W ork hard. Work smart. And you’ll go far.
The assumption above is called meritocracy: the belief that those on top of social hierarchies have earned their positions because of their superior “excellence” — a high ability combined with a strong work ethic.
Yet, meritocracy also can be a paradoxical myth that some political leaders use to justify institutional inequalities, such as schools that are understaffed and poorly equipped. People in the United States strongly believe that anyone who works hard can succeed, but Americans also experience less social mobility than the people of almost any other developed nation.
Suneal Kolluri, an assistant professor in UCR’s School of Education, will soon be probing how the paradox is perpetuated or resisted in U.S. high schools with a fellowship from the Spencer Foundation recently awarded by the National Academy of Education.
The fellowship will allow him to devote two semesters to apply social network and ethnographic methods to understand how meritocratic ideologies manifest among racially, ethnically, and socioeconomically diverse students on the precipice of adulthood.
Kolluri will work with high schools whose stated mission is to pursue “excellence and equity,” two ideals at the foundation of meritocracy. He will explore spaces in which they go hand-in-hand and the tensions between them. He will survey and interview students and educators to understand their experiences and perspective on equity, excellence, and meritocracy in their school and throughout the nation.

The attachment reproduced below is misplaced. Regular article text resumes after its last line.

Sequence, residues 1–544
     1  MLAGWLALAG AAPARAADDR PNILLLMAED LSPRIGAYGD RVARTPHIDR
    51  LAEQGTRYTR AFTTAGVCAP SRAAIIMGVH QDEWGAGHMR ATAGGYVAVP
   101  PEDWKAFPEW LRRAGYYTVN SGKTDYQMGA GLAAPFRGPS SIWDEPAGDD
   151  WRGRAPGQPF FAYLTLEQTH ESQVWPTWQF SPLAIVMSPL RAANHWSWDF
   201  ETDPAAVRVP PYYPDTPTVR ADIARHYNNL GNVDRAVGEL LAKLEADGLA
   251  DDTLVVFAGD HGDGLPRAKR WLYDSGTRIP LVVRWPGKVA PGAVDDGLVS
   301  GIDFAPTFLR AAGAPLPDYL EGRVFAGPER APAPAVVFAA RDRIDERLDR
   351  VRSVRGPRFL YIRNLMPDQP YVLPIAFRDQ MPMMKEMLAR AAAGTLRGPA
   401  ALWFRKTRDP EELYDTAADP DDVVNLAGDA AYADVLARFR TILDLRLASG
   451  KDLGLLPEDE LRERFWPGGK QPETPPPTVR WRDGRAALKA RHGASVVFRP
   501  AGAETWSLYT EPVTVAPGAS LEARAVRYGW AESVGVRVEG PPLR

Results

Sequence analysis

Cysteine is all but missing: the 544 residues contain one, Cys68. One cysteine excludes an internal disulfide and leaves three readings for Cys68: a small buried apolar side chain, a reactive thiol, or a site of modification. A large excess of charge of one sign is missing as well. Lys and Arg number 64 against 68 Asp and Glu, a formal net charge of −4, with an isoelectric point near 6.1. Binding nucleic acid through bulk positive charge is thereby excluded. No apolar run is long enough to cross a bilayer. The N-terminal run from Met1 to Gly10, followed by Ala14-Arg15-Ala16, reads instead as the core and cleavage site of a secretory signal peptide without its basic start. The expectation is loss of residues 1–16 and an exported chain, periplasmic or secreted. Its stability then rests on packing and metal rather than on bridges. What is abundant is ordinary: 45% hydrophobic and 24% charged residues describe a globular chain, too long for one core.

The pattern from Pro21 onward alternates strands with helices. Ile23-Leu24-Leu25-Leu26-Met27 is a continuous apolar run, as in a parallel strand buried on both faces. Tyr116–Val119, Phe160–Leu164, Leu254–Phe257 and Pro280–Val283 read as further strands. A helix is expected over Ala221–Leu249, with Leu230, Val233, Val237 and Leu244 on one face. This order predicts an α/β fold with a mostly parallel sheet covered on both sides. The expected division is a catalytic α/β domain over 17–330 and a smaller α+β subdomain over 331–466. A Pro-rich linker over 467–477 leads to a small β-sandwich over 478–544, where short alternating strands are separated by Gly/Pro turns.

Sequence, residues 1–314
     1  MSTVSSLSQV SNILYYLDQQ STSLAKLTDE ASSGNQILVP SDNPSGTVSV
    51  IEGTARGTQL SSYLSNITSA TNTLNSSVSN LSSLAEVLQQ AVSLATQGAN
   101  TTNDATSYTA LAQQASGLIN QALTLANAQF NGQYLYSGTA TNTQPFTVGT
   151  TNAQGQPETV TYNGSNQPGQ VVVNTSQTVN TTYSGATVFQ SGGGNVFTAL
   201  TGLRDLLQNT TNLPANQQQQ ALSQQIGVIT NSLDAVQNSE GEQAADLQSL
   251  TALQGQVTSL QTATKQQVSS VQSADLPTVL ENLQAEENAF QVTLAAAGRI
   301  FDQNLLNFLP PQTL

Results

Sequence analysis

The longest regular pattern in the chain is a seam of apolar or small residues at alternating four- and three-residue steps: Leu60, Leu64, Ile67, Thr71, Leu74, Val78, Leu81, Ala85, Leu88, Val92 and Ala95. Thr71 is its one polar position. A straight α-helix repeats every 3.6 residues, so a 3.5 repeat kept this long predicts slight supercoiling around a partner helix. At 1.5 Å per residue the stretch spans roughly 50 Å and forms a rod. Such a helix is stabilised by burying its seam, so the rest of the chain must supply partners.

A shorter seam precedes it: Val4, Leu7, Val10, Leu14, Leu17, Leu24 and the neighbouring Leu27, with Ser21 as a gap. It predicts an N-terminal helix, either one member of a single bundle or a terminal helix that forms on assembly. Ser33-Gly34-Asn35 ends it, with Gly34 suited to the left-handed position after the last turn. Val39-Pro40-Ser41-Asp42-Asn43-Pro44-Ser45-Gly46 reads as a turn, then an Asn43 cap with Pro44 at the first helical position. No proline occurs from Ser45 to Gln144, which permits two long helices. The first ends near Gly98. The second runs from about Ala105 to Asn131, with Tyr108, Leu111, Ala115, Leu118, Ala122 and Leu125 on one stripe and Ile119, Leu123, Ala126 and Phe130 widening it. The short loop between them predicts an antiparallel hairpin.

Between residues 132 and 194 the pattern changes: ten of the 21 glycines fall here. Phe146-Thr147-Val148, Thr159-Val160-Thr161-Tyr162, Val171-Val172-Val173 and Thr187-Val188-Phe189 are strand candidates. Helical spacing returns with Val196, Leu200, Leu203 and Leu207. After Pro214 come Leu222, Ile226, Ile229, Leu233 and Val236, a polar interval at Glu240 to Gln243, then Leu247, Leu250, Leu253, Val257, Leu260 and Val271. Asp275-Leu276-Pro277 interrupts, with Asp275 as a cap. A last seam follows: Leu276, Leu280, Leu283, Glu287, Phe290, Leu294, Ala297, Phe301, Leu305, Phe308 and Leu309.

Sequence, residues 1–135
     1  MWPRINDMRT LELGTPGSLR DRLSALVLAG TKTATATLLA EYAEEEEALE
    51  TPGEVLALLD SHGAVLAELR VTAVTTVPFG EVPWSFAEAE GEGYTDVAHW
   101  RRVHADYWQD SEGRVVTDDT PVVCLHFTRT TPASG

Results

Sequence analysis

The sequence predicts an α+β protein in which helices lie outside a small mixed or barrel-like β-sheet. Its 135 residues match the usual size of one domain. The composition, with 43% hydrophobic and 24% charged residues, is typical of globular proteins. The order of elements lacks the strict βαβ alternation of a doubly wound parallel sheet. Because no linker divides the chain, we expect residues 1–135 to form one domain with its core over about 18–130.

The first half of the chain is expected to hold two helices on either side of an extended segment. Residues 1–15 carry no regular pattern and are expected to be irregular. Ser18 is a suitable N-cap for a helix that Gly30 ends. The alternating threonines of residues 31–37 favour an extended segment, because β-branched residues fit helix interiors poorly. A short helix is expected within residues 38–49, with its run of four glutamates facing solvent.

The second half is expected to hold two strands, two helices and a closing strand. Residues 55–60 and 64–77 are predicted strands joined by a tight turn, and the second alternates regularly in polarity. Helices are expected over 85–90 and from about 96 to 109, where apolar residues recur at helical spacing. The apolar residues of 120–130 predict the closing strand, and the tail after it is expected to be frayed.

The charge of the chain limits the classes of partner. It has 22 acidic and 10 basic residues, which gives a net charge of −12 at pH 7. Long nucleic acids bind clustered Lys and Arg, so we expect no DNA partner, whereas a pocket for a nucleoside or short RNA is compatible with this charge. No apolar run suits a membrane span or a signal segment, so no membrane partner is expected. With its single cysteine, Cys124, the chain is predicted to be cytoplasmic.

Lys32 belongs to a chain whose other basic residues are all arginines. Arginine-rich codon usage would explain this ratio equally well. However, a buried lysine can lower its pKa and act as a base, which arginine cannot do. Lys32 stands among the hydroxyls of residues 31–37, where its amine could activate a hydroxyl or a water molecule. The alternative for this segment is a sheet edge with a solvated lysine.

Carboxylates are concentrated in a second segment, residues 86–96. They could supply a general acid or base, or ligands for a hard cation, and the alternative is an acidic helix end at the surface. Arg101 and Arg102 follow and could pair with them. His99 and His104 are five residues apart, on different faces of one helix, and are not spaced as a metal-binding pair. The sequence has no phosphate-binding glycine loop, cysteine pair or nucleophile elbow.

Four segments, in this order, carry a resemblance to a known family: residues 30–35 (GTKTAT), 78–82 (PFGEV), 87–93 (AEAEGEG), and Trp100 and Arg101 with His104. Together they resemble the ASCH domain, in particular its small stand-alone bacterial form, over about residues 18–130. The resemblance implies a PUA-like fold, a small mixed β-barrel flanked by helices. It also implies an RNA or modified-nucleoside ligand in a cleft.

Kolluri said wants his work to support the school’s goals, such as incorporating culturally relevant teaching content and methods, flattening status hierarchies, and improving the participation of marginalized students in Advanced Placement courses in which students earn college credits.
“Schools are institutions that shape our students’ understandings of justice and opportunity,” Kolluri said. “Their educational experiences have profound implications for our democracy. If students learn to see value in themselves and in one another, and if they develop a critical lens about opportunity in the United States, they will be better prepared as adults to change society for the better,”
A fellowship stipend will cover Kolluri’s living and research expenses for two semesters to be completed within a two-year period. He will also attend retreats in Washington D.C. hosted by the National Academy of Education in November 2023 and 2024.